Vale, Bucket, the Biggest Bucket of Love We’ve Known

Image-15These posts are never easy to write, but I need to write them. Although our animal’s lives cannot ever be adequately summarised, I still feel the need to write each pet’s eulogy, to try just a tiny bit, to honour what they gave us in life, and to honour the grief we feel. This one is for our cat Bucket, who passed away last week from a swift and aggressive illness, the cause of which heartbreakingly remains unknown. The unanswered questions about his death–and I have many–haunt me, but this piece is not about Bucket’s death, but his wonderful life.

Bucket was named such because from the moment I picked him up–a skinny, horribly flea-infested, unwanted kitten that was being all but given away on a cold morning in Kingaroy (his price was a mere $3) he proved himself to be the biggest bucket of love I’ve ever met in a cat. He was one of three, all brothers, and my hubby and I were torn as to whether to take one kitten or all three. We started by picking up each one, to get a vibe. The first one struggled to be put down, so we put him down. The second one pushed us away, so we let him go. The third one practically crawled up our arms and clung on for dear life. Take me home, right now! So we did. I took him to the bedroom and closed the door and sat down in the corner of the room to give him some space to investigate his new home. He didn’t want space, though, he wanted me. He climbed right back into my lap and made no efforts to leave.

Being utterly infested with fleas, I had to go to the local vet to see what to do. At his tender age, the only thing I could do was give him a medicated bath. He didn’t like that one bit, and I had to do it multiple times before all those awful fleas were gone, but finally he was relieved of them. We lived in a rural location at the time, on six acres, surrounded by other acreages. We already had another cat (Jasmine), two dogs, and three horses. He was my first kitten in ten years and I had forgotten how absolutely delightful kittens were. Pure joy. (Except for the amount of times he climbed up my legs! I wore nothing but jeans for a year to protect myself.)

Bucket’s first love was cuddling, but he didn’t just receive hugs, he actively hugged back.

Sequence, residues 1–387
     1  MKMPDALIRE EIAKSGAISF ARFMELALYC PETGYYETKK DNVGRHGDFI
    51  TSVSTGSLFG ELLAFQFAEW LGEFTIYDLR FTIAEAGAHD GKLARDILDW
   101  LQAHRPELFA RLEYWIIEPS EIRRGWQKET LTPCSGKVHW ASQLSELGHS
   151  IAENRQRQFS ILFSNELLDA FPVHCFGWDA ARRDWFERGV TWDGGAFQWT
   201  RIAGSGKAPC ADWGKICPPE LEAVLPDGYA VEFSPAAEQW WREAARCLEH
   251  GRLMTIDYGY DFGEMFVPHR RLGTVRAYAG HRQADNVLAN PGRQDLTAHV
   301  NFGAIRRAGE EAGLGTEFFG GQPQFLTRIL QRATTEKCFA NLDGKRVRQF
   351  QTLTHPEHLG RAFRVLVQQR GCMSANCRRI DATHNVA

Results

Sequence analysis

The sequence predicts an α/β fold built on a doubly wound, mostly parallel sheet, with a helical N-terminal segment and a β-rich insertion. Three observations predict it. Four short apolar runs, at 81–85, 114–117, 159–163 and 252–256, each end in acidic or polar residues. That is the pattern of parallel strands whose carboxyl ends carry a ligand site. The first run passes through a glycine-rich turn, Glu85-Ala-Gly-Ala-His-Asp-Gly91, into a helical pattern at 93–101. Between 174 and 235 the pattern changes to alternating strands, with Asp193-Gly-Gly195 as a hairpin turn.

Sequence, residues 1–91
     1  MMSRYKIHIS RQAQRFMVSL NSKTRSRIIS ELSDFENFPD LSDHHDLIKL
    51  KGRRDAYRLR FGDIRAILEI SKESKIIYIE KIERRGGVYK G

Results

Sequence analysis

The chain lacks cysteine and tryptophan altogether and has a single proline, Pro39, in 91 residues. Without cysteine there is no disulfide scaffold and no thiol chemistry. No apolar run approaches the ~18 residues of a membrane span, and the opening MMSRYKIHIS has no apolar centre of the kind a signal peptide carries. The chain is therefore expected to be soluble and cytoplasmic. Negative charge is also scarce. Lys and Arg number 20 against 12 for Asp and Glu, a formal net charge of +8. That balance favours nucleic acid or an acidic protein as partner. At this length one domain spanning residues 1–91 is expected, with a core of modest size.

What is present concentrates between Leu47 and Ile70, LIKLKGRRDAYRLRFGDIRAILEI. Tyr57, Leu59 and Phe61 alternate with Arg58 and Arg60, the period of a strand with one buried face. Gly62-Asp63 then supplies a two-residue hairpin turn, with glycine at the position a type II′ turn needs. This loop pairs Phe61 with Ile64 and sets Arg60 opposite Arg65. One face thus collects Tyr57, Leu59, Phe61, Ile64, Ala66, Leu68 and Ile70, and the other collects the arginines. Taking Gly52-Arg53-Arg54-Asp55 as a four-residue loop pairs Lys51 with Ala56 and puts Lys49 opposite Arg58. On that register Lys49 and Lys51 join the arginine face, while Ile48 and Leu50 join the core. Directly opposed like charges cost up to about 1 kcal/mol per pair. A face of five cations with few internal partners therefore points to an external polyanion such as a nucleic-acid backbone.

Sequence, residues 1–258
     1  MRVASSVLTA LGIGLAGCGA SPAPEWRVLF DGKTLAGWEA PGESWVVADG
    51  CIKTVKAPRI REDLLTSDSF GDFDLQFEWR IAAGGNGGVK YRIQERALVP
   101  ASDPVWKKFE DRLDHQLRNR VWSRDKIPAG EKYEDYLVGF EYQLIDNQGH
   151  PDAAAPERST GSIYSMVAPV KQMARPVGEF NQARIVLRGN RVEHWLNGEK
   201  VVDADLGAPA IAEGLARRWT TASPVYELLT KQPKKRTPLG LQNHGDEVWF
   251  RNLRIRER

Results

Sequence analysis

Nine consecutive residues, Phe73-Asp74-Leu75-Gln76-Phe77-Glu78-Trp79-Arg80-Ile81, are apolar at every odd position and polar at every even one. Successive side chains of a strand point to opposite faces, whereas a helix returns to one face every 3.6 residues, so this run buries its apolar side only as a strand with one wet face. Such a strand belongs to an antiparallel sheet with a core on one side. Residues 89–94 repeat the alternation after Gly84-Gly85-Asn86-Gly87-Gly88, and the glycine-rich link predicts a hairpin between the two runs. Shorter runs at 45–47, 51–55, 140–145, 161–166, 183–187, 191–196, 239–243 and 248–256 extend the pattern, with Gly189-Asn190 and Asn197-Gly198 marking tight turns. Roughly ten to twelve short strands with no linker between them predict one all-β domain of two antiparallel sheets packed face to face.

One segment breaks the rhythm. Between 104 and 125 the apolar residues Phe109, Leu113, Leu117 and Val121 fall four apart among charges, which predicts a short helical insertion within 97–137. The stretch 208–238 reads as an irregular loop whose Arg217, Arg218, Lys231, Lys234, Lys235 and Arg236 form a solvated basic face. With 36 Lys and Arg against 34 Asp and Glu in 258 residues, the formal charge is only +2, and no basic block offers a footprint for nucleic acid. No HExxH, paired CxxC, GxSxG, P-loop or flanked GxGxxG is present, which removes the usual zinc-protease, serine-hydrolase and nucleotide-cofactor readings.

His second love was mischief. At these times, our ‘bucket of love’ became a ‘bucket of trouble’. He loved the dogs, love being very much a verb, an action. He would sneak up behind them and grab onto their tails, swinging off them in a rollicking jaunt while they ran around trying to dislodge him. He would come out to the lawn with us while we threw tennis balls for the retrievers. He raced them down the hill and always got to the ball first, but as he couldn’t pick it up in his mouth, he let them pick it up and then he raced them back up the hill, where we got the ball back and threw it again and the game would start anew. When he was still less than a year old, my stepmother visited us with her poodle puppy, and Bucket and Cocoa spent an hour chasing each other up and down the hallway before locking onto each other, somersaulting over one another, wrestling enthusiastically until they both collapsed, panting with exhaustion and happiness.

These days, all our cats are one hundred per cent indoor cats, but back when Bucket was younger, he got some time to range outside on the property during the day. We started to rethink this idea when two days in a row he discovered a baby hare, killed it and brought it back into the house, happily devouring its intestines. Not long after that, our third cat Sapphy, a stray who walked in off the street not long after Bucket arrived, was bitten by a brown snake and spent a week in hospital, and we closed the door to outdoor excursions.

Because we have so many animals, it’s difficult for us to go away, but on the odd occasion it’s happened, we’ve had to have house sitters come to look after our furry family, and everyone reported that Bucket struggled with our absence the most. He was a cat who needed his cuddles.

He was a generous soul, and over his life with us he accepted into the home two more dogs, four more cats and a human baby with maturity and grace. He was one of those magnanimous animals, with love to spare for all. He was our biggest cat (part Manx, was always my suspicion)–very long from nose to tail, a hefty seven kilos at his peak, a ball of muscle beneath all that soft fur, the kind of cat you could sling over your shoulder, fireman style–with a huge heart inside.

For ten years, he was our most loving, affectionate, cuddly boy, a ginormous bucket of love. He’s gone too soon and we miss him terribly, but we know we were so blessed to have had him in our home and life. I am proud to say he had a good life, a really good one. He gave joy and he received it and I know he knew he was loved hard till the very end.